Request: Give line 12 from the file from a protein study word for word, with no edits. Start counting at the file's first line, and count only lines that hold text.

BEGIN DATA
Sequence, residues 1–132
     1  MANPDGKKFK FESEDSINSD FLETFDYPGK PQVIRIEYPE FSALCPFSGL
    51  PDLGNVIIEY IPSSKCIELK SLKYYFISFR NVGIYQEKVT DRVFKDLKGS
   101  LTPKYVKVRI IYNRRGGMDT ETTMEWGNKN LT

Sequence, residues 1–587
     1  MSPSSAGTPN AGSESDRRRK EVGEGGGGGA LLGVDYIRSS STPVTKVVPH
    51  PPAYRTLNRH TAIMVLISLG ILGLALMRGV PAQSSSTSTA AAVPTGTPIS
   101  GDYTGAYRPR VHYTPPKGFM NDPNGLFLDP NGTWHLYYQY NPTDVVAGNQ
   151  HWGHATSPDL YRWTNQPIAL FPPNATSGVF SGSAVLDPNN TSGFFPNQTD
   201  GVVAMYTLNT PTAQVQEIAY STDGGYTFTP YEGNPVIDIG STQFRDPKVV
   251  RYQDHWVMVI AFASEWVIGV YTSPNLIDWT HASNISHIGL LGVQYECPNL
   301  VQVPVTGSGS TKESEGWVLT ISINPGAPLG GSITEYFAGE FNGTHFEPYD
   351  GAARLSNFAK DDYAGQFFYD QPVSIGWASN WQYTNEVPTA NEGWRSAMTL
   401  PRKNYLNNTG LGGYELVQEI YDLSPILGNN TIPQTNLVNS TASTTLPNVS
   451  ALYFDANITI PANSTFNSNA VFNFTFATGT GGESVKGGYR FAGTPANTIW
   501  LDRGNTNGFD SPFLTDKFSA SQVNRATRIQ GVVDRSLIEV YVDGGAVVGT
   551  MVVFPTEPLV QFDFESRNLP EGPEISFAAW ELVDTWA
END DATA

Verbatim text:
   301  VQVPVTGSGS TKESEGWVLT ISINPGAPLG GSITEYFAGE FNGTHFEPYD